identify). And when the new 'David'-type ministries 
arise in their church, they will often attempt to "stomp" 
on them, to dominate them, or if that doesn't work, to 
limit their influence as much as possible.

To the "Sauls" of today I believe God would have me say:
Because you have made yourselves "lords" over the 
church in Jesus' stead, God will snatch the royal sceptre 
from your hands. And because of the compromise that 
has been found in your mouths for so long, God will lay 
much of the blame for the sickly state of today's 
'lukewarm' church directly at your feet. You have been 
rejected by God as being unfit to lead His people. "The 
kingdom shall be taken  from you and given unto another" 
(Mt 21:43, 1 Sa 15:22-23, 1 Sa 28:17). "Behold, you 
despisers, and wonder, and perish: for I work a work in 
your days, a work which you shall in no way believe, 
though a man declare it unto you"  (Acts 13:41).

It is interesting to note that the most serious sin that 
Saul committed in God's eyes (the sin that finally 
caused him to be rejected by God as unfit to lead His 
people) was that after the battle with the Amelikites, 
Saul compromised what God had said by allowing his 
men to take the best of the enemy flocks as spoil, 
instead of killing them all. This 'men-pleasing', rebellious 
disregard for God's word, caused Saul to be immediately 
told that his kingdom would be taken from him and given 
to another. Notice that it was not Saul's 'control' or 
domination of the people that caused him to be rejected 
by God, but rather his WEAKNESS AND COMPROMISE 
as a leader (ie. his desire to be pleasing and accomodating 
toward his people at the expense of God's word). Is it not 
the same today also?

2. THE JONATHANS. You will no doubt remember that 
Jonathan, who was Saul's son, had a tremendous 
devotion and love for David. They were like brothers. 
While Saul went about trying to kill David, Jonathan was 
doing his best to quietly protect and help him. I believe 
that there are quite a number of leaders and ministries 
around the world today who are just like Jonathan. They 
have definitely been "friends of the true Revival", but like 
Jonathan they are caught between their allegiance to 
the old or existing order, and their affinity with the new 
ministries - the 'Davids'. They want to be part of the great 
Revival that God is about to send, but they are just too 
attached to the old system and the old ways to really let go.

This is a very dangerous position to be in - in a very real 
way, just as dangerous as that of Saul. For it is very 
significant that even though Jonathan was a friend of 
David's (ie. a friend of the "new move of God"), he was 
killed on the SAME BATTLEFIELD and on the SAME DAY 
that Saul was killed. Jonathan never got to see or enter 
into the new move of God at all (ie. the reign of David). In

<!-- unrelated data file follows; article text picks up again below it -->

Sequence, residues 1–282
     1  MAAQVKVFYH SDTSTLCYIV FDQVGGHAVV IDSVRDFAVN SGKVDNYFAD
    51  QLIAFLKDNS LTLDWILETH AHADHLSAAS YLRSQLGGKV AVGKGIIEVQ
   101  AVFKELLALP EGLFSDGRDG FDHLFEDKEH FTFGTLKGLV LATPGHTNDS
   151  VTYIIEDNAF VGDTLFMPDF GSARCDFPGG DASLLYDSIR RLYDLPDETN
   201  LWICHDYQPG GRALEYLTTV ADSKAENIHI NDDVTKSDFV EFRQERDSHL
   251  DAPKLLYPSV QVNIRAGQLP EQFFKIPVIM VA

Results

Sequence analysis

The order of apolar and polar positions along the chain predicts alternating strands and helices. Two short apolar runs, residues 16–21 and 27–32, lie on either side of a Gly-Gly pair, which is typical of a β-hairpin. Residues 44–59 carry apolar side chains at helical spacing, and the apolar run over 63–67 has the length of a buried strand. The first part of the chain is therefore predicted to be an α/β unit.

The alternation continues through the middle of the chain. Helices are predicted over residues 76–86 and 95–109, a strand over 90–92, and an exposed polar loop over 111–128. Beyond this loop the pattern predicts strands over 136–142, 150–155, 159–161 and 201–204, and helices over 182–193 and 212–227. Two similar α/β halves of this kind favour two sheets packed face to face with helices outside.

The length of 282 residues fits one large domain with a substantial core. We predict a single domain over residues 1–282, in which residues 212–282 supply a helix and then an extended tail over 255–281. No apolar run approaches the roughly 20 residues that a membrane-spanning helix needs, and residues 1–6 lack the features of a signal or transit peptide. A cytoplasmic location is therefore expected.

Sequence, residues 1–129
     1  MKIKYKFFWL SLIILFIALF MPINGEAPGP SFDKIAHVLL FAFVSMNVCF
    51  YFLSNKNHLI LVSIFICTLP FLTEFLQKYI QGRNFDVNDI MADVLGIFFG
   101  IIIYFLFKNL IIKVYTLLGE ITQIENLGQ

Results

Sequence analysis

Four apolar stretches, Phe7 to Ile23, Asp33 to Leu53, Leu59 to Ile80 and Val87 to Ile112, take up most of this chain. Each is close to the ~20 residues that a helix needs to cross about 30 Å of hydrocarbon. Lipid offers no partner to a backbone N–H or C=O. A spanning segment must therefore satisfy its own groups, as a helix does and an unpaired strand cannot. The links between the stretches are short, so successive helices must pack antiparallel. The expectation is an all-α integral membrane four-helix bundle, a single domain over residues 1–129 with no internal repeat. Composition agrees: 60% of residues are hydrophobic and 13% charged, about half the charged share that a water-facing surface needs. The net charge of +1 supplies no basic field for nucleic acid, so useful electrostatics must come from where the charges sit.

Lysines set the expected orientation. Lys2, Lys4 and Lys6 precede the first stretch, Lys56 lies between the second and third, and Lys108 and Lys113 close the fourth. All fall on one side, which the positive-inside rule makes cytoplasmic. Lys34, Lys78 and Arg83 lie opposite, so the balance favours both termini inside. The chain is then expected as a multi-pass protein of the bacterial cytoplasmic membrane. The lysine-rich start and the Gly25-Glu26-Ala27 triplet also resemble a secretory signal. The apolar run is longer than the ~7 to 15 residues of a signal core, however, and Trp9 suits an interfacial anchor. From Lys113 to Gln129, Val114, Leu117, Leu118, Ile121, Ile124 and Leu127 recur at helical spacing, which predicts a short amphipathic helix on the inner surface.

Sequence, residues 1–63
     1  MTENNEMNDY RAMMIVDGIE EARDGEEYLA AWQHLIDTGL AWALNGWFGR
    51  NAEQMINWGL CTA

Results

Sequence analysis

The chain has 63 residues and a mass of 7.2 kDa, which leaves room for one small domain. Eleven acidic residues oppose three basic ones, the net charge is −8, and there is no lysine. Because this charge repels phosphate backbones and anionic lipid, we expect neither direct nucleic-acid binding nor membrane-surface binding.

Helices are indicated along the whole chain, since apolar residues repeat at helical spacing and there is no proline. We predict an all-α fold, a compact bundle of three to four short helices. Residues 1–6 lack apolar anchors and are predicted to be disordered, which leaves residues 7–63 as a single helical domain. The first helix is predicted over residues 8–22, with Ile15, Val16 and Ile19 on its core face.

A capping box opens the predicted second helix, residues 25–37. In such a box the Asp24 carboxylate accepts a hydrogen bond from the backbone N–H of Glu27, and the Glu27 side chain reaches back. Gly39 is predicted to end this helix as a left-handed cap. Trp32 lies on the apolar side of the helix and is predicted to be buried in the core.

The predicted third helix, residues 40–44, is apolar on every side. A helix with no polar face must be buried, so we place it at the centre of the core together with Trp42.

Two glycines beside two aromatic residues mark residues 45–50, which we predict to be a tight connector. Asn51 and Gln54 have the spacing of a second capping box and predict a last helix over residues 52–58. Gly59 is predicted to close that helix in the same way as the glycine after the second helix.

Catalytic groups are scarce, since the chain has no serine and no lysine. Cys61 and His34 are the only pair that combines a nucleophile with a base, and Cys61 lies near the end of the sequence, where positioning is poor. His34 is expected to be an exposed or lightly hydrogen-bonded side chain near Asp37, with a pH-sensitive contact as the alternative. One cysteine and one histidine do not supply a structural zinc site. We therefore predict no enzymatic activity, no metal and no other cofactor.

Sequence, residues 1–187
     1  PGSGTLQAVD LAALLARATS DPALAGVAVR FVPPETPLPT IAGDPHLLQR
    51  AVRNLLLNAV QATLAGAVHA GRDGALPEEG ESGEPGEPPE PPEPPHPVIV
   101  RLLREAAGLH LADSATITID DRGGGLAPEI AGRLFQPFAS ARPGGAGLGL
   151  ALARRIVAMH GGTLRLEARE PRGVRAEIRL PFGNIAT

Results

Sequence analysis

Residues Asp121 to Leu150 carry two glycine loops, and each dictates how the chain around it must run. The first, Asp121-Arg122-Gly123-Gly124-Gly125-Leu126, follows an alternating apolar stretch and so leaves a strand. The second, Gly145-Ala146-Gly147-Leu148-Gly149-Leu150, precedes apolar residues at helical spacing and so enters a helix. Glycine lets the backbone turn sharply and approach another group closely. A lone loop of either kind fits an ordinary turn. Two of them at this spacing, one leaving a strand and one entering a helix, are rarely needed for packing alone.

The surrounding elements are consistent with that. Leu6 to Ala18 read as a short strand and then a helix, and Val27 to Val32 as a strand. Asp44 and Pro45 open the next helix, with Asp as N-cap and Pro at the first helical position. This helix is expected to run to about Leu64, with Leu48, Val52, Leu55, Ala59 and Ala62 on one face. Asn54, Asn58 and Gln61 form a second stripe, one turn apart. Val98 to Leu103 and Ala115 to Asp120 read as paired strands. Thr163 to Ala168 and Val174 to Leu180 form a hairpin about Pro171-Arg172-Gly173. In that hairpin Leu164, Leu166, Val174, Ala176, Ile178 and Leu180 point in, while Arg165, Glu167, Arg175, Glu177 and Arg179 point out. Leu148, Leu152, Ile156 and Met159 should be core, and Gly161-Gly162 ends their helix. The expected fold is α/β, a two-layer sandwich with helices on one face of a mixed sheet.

essence, he suffered exactly THE SAME FATE AS SAUL.

Another thing that is significant about Jonathan was that 
he was the "heir apparent" (ie. the 'obvious' choice to lead 
Israel in the new era, when Saul was gone). I believe that 
many of  today's "Jonathans" are also like this. They are 
the seemingly 'obvious' Revival-oriented leaders of today - 
the kind of men who preach on Revival, prophecy and 
prayer, etc, but in an "acceptable" kind of way. Many of 
them are truly prophetic, but they fit into the current set-up 
just a little too well. They have a 'reputation'  to uphold in 
the existing system, and they can be trusted not to say 
anything too radical, or to rock today's Laodicean boat 
too hard. They are certainly nothing like the stench in 
Saul's nostrils that David was. No-one feels particularly 
'threatened' by their presence.

As I have said, I believe that there are quite a number of 
'Jonathans' in ministry all over the world today. The 
greatest danger for them is that because of their current 
respectability and their attachment to the existing order, 
they just can't imagine God bringing judgement upon 
the very systems and streams that they have formed 
relationships with. They love David and all that he 
stands for, but they just cannot let go of Saul. Deep in 
their heart they are still clinging to a kind of 'acceptable' 
amalgam between both the existing order and also the 
new move of God. (-It will never happen).

Today's Jonathans would be quite happy if the 'new wine' 
could somehow be crammed into the old wineskins. 
They have their feet in both camps. And the terrible 
likelihood is that when the day of decision dawns, when 
that fateful hour arrives, because of their double-
mindedness they will surely be found with Saul, rather 
than with David. And this can only result in tragedy.

Their failure to see the signs that it is time to finally 
abandon Saul, and throw in their lot entirely with David, 
means that they will surely be caught up in the very 
judgement that falls upon Saul. Sadly, all the signs are 
there that the cry, "How have the mighty fallen" is again 
about to ring out in our time.

I believe it is very important that we await God's perfect 
timing before 'leaving behind' this old system. But I 
certainly believe that right now God is calling His people 
to truly let go of the existing systems and ways in their